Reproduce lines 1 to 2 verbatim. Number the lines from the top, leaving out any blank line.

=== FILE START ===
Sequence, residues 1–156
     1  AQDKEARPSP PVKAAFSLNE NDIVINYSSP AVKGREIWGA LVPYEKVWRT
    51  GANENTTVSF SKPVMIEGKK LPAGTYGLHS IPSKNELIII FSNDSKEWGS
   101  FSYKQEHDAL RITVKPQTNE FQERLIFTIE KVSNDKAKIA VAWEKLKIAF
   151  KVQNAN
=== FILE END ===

Sequence, residues 1–156
     1  AQDKEARPSP PVKAAFSLNE NDIVINYSSP AVKGREIWGA LVPYEKVWRT